Queen Elizabeth sent her first email long before you did. I got that from one of those sites giving details of this day in history, according to which she sent it on March 26th 1976 from the Royal Signals and Radar Establishment. (The Ministry of War used real names in those days, whereas now RSRE is part of something that calls itself QinetiQ.) Anyway, I was looking to find some great OECD-related anniversary that I could write about (the first lip reading tournament held in America?) to justify not reporting on the Annual International Meeting on Transfer Pricing under the auspices of the Tax Treaty and Transfer Pricing Global Forum being held here today and tomorrow.
Transfer pricing is important and interesting, it’s just that, as Brian Atwood, chair of the OECD Development Assistance Committee noted in this post the other day, it’s one of those subjects that’s “founded on concepts that are both technically demanding and arduous to understand and implement”. In fact, delegates to the meeting will be working on how to simplify and streamline the process, since even the experts admit that the rules are complex.
So what is transfer pricing and why does it matter?
Around 60% of world trade actually takes place within multinational enterprises, for example the headquarters in the US paying a subsidiary in India to carry out research or manufacture components. This payment is a transfer price. Transfer prices are used to calculate how profits should be allocated among the different parts of the company in different countries, and are used to decide how much tax the MNE pays and to which tax administration.
They’re also useful to the company itself first, because they can avoid being taxed twice if the various countries they are active in have signed agreements with each other on how to tax MNEs. In most cases, these are based on the OECD Transfer Pricing Guidelines for Multinational Enterprises and Tax Administrations.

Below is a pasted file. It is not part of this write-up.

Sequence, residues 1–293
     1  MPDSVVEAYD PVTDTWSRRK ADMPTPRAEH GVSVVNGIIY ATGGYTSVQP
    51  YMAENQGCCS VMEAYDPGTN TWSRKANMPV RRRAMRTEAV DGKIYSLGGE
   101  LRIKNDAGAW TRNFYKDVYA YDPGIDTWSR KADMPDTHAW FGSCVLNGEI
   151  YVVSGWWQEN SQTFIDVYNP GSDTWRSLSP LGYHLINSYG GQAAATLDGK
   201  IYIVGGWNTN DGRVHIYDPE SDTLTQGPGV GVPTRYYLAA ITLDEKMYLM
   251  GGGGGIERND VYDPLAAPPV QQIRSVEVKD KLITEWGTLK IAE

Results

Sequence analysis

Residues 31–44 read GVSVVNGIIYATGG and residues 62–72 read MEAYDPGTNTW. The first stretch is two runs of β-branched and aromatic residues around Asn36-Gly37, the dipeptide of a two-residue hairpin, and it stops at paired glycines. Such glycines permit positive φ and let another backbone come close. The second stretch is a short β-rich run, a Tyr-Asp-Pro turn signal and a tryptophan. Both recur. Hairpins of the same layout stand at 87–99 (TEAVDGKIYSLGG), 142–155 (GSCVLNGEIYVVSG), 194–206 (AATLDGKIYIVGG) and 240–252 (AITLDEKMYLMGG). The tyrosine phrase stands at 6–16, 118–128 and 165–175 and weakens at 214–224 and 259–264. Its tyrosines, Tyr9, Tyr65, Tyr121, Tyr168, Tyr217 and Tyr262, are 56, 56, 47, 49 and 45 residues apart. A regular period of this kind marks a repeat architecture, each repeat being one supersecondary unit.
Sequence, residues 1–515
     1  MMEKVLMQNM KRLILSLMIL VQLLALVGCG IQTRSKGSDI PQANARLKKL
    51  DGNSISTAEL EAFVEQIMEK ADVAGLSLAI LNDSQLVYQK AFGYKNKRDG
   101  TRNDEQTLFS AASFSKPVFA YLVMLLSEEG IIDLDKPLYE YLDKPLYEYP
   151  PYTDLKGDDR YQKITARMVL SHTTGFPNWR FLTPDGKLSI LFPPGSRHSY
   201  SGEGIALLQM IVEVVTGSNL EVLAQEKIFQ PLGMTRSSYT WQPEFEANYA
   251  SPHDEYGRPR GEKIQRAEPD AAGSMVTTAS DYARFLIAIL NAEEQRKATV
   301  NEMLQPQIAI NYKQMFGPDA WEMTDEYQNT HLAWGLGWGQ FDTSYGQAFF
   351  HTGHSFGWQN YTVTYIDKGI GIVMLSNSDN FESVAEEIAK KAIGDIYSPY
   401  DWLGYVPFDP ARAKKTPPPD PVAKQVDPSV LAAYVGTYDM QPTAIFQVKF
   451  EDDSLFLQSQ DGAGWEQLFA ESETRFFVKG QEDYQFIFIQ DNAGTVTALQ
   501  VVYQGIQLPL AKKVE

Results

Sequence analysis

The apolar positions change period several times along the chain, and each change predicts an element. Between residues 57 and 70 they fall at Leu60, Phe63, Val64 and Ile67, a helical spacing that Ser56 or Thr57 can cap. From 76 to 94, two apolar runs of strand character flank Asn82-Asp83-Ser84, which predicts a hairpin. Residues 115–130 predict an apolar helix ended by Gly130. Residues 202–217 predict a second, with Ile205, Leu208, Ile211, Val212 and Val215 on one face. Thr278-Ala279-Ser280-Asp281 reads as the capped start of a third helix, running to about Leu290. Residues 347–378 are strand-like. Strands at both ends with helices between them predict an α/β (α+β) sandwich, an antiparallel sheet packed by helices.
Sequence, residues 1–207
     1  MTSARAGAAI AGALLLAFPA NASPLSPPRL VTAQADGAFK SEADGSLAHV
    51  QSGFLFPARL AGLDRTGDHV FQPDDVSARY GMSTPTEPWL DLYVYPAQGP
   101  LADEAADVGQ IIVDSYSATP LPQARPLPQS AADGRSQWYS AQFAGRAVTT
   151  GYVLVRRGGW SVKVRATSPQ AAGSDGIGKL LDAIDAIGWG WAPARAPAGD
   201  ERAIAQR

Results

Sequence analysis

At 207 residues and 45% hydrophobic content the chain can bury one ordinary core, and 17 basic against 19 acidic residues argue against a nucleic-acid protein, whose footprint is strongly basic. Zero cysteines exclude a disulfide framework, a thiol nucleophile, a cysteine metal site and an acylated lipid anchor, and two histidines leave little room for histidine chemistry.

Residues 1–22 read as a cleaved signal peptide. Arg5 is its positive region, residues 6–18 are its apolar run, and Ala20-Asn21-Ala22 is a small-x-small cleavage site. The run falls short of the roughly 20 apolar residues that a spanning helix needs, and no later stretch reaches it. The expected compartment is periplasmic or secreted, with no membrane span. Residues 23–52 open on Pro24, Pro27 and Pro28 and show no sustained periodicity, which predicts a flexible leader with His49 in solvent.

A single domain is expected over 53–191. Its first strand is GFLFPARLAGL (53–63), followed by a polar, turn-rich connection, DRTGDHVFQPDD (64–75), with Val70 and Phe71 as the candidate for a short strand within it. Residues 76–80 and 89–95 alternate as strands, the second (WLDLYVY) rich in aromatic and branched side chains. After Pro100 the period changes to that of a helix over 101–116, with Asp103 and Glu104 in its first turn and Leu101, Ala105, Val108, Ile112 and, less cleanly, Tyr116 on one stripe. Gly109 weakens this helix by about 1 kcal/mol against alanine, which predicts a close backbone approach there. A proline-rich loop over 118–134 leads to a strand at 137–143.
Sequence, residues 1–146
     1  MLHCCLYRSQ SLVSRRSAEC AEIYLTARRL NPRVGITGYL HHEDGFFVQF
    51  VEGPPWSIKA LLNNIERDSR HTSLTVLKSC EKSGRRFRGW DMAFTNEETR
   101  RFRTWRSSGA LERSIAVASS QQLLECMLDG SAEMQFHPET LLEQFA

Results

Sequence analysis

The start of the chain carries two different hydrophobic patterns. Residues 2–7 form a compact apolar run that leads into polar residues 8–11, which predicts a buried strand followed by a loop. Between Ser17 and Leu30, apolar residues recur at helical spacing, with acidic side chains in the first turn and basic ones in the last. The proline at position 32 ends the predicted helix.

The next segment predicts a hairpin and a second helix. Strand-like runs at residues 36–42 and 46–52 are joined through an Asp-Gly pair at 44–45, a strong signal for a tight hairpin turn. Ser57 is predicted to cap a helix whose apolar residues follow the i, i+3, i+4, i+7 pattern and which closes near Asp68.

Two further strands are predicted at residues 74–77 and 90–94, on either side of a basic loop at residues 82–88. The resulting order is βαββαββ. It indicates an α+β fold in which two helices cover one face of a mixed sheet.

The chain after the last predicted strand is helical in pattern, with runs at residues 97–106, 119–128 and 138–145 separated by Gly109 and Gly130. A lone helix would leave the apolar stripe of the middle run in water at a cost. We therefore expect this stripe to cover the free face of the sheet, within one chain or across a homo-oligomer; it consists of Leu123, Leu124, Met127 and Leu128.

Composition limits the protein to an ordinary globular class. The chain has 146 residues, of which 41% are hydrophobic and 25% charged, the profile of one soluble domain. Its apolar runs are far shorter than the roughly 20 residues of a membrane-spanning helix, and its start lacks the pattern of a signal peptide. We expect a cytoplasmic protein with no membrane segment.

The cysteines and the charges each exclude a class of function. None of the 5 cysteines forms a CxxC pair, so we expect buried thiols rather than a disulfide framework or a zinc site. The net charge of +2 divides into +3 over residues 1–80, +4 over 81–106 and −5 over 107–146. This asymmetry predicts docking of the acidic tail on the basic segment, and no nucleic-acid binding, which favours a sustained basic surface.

In many cases, they’re calculated using a technique with the deceptively simple name of “the arm’s-length principle”, although some countries, notably Brazil, use other methods. The ALP states that operations should be priced by comparing them with similar operations carried out on a commercial basis at market prices, as if both parties were independent entities – at arm’s length from one another.
In practice, this can be extremely difficult, particularly in developing countries. For instance, the developing country subsidiary may be the only firm in its particular line of business, so there’s nobody to compare with. Likewise, transactions involving high value-added services or intangible assets like intellectual property may be unique. And in many countries, publicly available information that the tax authorities can use is limited.
Given that there is no simple method for calculating a transfer price, the final value is the result of a negotiation between the company and the tax authority. In an ideal world, this would be based on equal access to information, a shared objective and a “zero sum game” where being taxed in one jurisdiction is offset by an exemption in another.
Of course it doesn’t work like that. Companies want to pay as little tax as possible and governments need tax revenue. There’s a whole international business whose goal is to help companies “manage the level of taxes paid on a global basis at a competitive level” as PwC put it in their prospectus. These international consultancies have more people working on transfer pricing than any national tax authority. Writing in The Guardian, Prem Sikka of Essex Business School, co-author of a paper on The Dark Side of Transfer Pricing, claims that “Ernst & Young alone employs over 900 professionals to sell transfer pricing schemes. The US tax authorities employ about 500 full-time inspectors to pursue transfer pricing issues and Kenya can only afford between three and five tax investigators for the whole country.”
The meeting at the OECD coincides with an initiative from The International Tax Review to ask tax practitioners to vote for who they think are the leading forces in global transfer pricing development. Apart from PwC, there are NGOs like ActionAid, MNEs like GlaxoSmithKline, and multilateral agencies and international organisations, including the OECD. You can vote here.
The OECD Observer has good articles explaining transfer pricing in more detail: